Friday, July 14, 2006

On 'Strange Dave's' Singing

I work with a bloke called Strange Dave. He's called Strange Dave for many, many reasons but one of them is that he sings to himself while he's at work.

He's a jazz fan so I've no idea what it is he's trying to sing but I was asked to describe it today, Strange Dave being on holiday and so not in the office and singing.

Not wanting to actually try and make the noise; I came up with this description which I would like to share with you.

Imagine that you are a man who is hastily dressing in a dark wardrobe. Outside said wardrobe is a very large, very suspicious man who is on the look-out for things like semi-naked men in hiding.

In the large man captures you he will get very violent and cripple or kill you in a terrible, possibly sexual, way. You wish to avoid this.

However, while slipping your jeans on you close the zip rather carelessly and track quite a large amount of your genitals in the large-toothed, metal zip. The jeans are also quite tight on you, causing the zip to bite down all the harder on to your parts.

You want to, HAVE TO, cry out from this, to give some sort of release to the pain that is washing up and down your very blood and bone. To scream would free the pain for a short time.

You know, though, that this would result in the large man being alerted to your presence and pulling you from the wardrobe and doing terrible, terrible things to you until you either died or were, at least, painfully debilitated by them.

So you mark a stifled, high-pitched whining cry. You feel a little better or at least a little distracted, when ever you make this sound but you can’t fall to the ground and wail for fear of detection.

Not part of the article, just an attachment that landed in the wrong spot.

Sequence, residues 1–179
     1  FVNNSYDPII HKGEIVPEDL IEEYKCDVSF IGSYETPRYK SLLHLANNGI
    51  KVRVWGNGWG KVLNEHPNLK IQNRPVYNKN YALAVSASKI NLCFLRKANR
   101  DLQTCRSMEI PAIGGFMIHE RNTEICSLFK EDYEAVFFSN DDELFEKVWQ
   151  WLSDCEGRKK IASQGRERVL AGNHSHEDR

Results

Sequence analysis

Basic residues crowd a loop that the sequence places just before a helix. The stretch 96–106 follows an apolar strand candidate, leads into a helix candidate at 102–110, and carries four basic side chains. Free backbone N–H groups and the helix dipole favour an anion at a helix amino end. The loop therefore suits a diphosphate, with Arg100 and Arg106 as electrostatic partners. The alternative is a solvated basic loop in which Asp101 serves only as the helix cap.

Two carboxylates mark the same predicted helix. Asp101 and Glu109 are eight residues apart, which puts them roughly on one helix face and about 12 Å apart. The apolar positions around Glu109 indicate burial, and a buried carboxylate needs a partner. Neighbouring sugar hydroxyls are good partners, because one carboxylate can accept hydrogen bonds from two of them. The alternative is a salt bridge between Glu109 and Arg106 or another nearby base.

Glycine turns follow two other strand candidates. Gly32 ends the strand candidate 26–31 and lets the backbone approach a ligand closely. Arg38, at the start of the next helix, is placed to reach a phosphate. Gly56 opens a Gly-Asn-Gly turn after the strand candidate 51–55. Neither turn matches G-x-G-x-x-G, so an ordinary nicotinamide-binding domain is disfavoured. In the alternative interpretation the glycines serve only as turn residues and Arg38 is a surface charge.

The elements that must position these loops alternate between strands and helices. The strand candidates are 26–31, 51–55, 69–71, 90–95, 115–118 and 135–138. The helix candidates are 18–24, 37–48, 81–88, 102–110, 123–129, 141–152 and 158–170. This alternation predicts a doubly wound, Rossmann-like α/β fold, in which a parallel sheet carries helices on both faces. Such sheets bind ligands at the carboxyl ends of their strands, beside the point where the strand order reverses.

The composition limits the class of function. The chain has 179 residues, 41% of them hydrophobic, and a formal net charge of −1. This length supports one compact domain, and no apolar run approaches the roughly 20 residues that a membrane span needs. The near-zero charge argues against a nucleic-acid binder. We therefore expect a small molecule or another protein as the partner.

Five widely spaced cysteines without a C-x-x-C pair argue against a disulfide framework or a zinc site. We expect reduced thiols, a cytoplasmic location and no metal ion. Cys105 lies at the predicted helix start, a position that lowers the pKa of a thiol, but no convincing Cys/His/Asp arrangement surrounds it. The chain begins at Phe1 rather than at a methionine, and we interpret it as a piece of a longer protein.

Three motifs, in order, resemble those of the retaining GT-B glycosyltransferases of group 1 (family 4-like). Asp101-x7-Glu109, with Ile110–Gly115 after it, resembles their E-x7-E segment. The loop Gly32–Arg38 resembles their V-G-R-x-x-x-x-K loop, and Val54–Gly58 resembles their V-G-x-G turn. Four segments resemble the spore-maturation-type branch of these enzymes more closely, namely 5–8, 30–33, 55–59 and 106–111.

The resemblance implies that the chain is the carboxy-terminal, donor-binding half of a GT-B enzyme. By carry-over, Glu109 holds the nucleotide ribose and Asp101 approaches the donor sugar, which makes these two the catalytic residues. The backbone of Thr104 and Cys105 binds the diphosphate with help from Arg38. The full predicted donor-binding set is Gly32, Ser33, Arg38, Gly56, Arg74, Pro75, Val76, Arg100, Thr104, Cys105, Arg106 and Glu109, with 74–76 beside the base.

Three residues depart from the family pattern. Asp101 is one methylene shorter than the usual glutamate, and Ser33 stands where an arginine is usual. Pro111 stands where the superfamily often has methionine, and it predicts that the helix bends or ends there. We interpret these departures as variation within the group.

You try and punctuate it with each in take of breath or footfall that the big bloke makes so as to try and cover it by the noises he is making himself. There’s a rhythm to this keening, a terrible, sobbing wail, punctuated by silence and in-takes of breath.

And that’s what Strange Dave sound like when he’s singing.

Wednesday, July 12, 2006

For some reason I decided the only book that could follow The Amber Spyglass is The Kraken Wakes. I think it's because the first person I knew who read His Dark Materials also once said she wanted to move to Edgbaston because it was John Wyndham's home land.

I have some great friends.

It's turning out to be highly quote-able, the first page of Phase One has someone called Phyliss, who's listening to a singer on a cruise ship, asking:

"Why, do you suppose, do people keep on mass-producing these decadent moanings?"

This could sum up most of my record collection and now, looking at it in this context, most of what makes up s lot of blogging.

Later on Phyliss's husband, Fireball Watson, starts receiving news clippings on strange phenomena after filing a report of strange fireballs seen at see. This causes him to reflect that:

There must, I think, be a great many people who go around just longing to be baffled, and who, moreover, feel a kind of immediate kin to anyone else who admits bafflement along roughly similar lines.”

Which pretty much sums up the condition of being a fortean or being into forteana extremely well. It doesn’t touch of the fun we have chucking these ideas around and seeing what shape they fall into after each throw but the camaraderie of being into the unknown, off-beat and unusual is captured there. It's probably not what John Wyndham meant.